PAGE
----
Most of the main characters I had already worked with, but for the character of Razieh, I had never worked with her before, and when we were doing the casting, I don’t trust myself to see the person live and make the decision, because I can be tricked or fooled, so what I do is have everyone be filmed in their audition and then I was able to see how that person looked on film, because they look different than from reality, and then based on that and from 180 people, it got reduced just down to a few and then I chose from them. More important than the image is the voice, because an actor on a screen, the audience gets used to the visual, but the voice is like music and how it changes with the wording, depending on what they’re saying, is what I’m more interested and I find that the quality of the voice is more important.

CS: How does that affect a movie where most people watching it will be writing the subtitles? We do get used to those voices and the way they talk but we’re still reading their words.
That’s a bit concern for me and when they’re showing my films abroad, all these details and things I’ve put there are being reduced to that little line that goes by so fast. What can people actually catch from having to read that? I always feel that the subtitles are so condensed, and I’m always surprised when people say “I understood your films,” I’m like, “How can you understand it based on that little bit of writing?”

CS: We get used to reading fast because we see a lot of foreign films.
But on the other hand, when I see a film where I need to read the subtitles, I feel that I understand it very well, and maybe I understand it even better than people who understand the language.

CS: That brings me to another question and that’s why there isn’t any music in the movie? I can’t remember if “About Elly” had music in it but was that a very conscious decision not to have any music?
Yeah, in all three of my films, there is very little music. There has been primarily music during the credits and it’s not that I don’t love music, it’s actually that I love music so much that I think I have to use it very sparingly. Often times, music is used to evoke an emotion and it’s become a clichĂ©, so I don’t want to do that, and actually what I do, is that emotional intensity that has developed throughout the film, I allow it to get released by having that music at the end with the credits.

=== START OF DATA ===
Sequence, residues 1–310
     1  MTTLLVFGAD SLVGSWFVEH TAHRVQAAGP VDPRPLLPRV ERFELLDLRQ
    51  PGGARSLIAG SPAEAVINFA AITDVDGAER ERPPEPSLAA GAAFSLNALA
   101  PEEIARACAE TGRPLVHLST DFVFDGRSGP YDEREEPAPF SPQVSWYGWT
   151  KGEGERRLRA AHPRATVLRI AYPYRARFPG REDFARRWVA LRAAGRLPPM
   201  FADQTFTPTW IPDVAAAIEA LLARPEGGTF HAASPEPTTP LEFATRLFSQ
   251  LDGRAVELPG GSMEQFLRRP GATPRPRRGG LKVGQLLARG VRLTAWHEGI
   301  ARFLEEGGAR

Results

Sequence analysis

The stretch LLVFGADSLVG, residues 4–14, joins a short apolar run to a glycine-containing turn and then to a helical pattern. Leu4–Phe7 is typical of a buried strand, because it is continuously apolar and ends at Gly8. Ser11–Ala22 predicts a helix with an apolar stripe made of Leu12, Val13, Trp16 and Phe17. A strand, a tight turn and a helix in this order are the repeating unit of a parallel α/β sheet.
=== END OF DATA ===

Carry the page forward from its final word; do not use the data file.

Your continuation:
CS: Music is often used as a crutch. When a scene doesn’t work, you can put music on it and make it work, so for a movie like this to work well without it is great. I think one of the reasons the movie is connecting with people is that it’s a fairly simple story but with so many layers. Do you think something like this can happen anywhere besides Iran? Or do you think so much of what happens is due to the laws there and how women are treated?
I think that it’s a story that could happen anywhere in the world with some minor changes or differences, but it’s basically a universal story. Because it’s primarily about relationships between people and that happens everywhere in the world.

CS: As do conflicts between people.
When we say it’s a simple story, it’s because the drama happens from very simple everyday details and actions. It’s not some big event that creates the drama, it’s the little things of everyday life that bring about that drama.